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Clothing retailer J. Crew is warning customers that it sustained a data breach in April of 2019. The store has disabled an unknown number of accounts and asked the affected parties to contact Customer Care to restore those accounts. The breach affected some paycard data. BleepingComputer says the incident was a credential stuffing attack, and TechCrunch wonders why it took J. Crew almost a year to disclose the breach.
Connecticut-headquartered industrial conglomerate Emcor has disclosed that it’s sustained a ransomware attack. The strain involved is Ryuk. Emcor says it’s investigating, but that operations continue and there appears to have been no data breach.
Criminals continue to use coronavirus stories as phishbait in attacks on businesses, the Wall Street Journal writes. It’s an international problem: according to Reuters even Russian President Putin is taking note, and Roskomnadzor has been blocking bogus stories on Vkontakte and Facebook.
The Super Tuesday primaries in the US went off without hacking or evidence of effective disinformation, and Bloomberg reports that NSA Director Nakasone told Congress that superior preparation on the defenders’ part made the difference.
Los Angeles County did stumble badly with its new voting machines. Long delays induced by malfunctioning machines produced what the Los Angeles Times called an “ugly debut for the county’s new $300-million voting system.” Other election authorities who’ve adopted similar devices are reviewing their plans.
Executives from Nokia and Ericsson expressed their support this week for US laws that would push Huawei out of 5G infrastructure, the Washington Post reports.
Today's issue includes events affecting Australia, Brunei, Cambodia, China, Germany, Indonesia, Laos, Lebanon, Malaysia, Myanmar, Philippines, Russia, Singapore, Thailand, United Kingdom, United States, and Vietnam.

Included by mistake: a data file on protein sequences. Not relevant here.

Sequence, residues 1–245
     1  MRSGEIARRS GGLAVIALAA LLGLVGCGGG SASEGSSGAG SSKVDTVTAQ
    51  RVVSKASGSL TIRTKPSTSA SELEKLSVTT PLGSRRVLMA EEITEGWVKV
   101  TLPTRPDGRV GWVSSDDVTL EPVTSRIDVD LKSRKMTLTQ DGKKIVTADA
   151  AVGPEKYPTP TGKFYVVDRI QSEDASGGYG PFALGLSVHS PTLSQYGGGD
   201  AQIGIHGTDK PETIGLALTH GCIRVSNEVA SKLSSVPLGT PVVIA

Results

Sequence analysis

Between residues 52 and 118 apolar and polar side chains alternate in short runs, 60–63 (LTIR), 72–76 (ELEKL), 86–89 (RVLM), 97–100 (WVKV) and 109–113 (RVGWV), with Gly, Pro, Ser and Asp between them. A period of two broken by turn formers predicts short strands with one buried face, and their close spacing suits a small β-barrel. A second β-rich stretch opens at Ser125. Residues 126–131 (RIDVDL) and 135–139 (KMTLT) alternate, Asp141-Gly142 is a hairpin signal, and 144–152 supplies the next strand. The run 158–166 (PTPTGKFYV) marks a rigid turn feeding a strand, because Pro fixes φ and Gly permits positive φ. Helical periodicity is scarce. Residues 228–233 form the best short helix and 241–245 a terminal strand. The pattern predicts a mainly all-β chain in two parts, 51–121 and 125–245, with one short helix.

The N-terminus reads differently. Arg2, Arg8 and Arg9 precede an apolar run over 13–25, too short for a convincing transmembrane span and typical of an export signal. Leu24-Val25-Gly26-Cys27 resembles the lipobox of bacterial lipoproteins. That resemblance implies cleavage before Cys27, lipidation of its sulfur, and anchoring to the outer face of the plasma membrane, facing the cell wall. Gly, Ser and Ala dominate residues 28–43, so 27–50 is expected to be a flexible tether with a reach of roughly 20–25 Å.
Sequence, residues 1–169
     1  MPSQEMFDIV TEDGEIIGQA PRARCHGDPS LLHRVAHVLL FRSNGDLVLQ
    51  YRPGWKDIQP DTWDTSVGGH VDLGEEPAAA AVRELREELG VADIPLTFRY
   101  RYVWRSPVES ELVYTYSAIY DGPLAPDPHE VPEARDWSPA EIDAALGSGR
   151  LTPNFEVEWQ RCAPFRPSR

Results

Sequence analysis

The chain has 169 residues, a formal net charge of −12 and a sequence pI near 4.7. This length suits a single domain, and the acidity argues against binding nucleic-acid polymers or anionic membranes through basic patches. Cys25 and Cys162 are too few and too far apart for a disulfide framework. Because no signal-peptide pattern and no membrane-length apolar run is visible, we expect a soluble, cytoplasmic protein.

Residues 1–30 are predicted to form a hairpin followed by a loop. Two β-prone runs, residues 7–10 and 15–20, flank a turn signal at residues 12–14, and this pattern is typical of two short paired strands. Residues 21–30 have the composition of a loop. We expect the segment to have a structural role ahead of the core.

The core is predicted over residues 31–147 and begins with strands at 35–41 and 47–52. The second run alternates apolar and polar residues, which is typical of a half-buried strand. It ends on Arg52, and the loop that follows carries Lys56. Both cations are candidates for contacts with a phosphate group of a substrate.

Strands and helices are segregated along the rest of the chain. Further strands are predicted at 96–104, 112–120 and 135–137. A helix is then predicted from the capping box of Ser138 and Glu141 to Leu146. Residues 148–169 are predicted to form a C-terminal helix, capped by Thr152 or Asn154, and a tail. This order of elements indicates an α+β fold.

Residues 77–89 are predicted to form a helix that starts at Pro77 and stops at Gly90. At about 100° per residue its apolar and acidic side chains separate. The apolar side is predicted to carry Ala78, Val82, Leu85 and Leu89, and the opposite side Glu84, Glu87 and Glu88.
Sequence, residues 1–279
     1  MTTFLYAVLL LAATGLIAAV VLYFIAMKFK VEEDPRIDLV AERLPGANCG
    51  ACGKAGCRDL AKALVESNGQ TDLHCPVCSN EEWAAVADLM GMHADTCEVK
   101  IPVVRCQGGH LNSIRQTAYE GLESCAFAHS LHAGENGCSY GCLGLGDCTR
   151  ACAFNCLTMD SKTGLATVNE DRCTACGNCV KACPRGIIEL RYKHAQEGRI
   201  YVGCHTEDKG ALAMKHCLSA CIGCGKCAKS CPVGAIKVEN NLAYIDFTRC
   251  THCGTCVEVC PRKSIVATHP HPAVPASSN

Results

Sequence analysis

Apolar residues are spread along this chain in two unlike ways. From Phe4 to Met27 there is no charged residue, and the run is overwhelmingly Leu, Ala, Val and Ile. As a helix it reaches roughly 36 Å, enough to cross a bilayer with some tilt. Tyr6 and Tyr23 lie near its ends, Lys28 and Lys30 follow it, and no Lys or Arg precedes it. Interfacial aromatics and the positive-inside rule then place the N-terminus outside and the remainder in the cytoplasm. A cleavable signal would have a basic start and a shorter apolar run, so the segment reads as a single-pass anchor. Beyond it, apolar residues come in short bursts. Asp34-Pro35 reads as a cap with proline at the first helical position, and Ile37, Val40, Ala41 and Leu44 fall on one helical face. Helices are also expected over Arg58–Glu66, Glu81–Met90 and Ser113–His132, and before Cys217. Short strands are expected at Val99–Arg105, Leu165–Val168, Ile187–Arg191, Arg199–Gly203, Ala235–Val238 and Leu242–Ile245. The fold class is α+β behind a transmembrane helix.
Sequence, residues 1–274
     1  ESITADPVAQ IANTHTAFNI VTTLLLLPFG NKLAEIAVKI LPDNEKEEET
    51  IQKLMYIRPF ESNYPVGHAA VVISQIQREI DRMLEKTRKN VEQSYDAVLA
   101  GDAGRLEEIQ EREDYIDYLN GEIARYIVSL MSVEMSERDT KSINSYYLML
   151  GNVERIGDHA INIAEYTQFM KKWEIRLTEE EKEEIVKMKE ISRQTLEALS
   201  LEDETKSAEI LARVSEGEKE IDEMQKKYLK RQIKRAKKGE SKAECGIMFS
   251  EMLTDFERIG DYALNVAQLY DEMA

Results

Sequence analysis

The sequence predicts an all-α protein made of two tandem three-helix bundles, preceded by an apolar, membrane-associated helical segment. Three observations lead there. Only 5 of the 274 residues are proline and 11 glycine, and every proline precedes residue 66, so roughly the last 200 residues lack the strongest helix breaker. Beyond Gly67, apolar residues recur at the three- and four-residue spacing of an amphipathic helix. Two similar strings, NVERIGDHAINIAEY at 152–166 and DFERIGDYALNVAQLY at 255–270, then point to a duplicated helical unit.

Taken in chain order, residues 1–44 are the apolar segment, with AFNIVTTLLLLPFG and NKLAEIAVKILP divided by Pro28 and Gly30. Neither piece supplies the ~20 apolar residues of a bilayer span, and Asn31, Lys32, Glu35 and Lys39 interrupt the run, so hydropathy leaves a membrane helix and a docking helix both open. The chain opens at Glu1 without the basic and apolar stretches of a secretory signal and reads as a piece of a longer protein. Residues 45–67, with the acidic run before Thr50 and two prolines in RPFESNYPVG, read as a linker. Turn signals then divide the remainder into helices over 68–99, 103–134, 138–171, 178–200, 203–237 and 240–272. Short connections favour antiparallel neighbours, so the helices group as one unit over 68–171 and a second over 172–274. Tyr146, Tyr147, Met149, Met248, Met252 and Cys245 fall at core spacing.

Bring your own context.
Why phishing scales so well.
"When you're doing a con one-on-one or even conning in a pyramid scheme a few thousand, there's some sort of investment to get over the hump, whether that's having to expose yourself to possibly being busted. But the thing about phishing scams is you can send out, you know, a hundred million emails, and all you have to do is hit your most vulnerable. So whereas someone who's doing a pigeon drop scam or any of these get-rich-quick scams or even paving-your-driveway scams or any of that, you have to find an older person in their home. You have to go there. You might be bumping into an ex-law enforcement person who's aware of this stuff. There's a lot of risk. When you're sending out hundreds of millions of emails, you know, you don't need to get close to one-hundredth of 1% to be able to hit, so you can dumb them down tremendously to protect yourself. You don't want to get someone on the hook who is at all savvy."
And you don't need to be Mokele-mbembe to figure that one out, friend.
Aerospace news worthy of attention.
If you're interested in space and communications (technology, policy, business, and operations), take a look at Cosmic AES Signals & Space. Produced in partnership with the CyberWire, Signals & Space offers a monthly overview of news in this sector.
In today's CyberWire Daily Podcast, out later this afternoon, we speak with our partners at CenturyLink, as Mike Benjamin talks about the NanoCore RAT, Our guest is Bil Harmer from SecureAuth, with a discussion of nation-state cyberattacks.
And Hacking Humans is up. In this week's episode, "Don't go looking for morality here," Dave shares a story of an investment scam featuring celebrities. Joe warns of scams surrounding the Coronavirus. The Catch of the Day features Joe's son-in-law's adventure with thousands of bot infiltrations. And we hear Dave's extended interview with magicians and entertainers Penn and Teller at RSAC 2020 in San Francisco. (The place you shouldn't look for morality, by the way, is in the vicinity of a three-card Monte table.)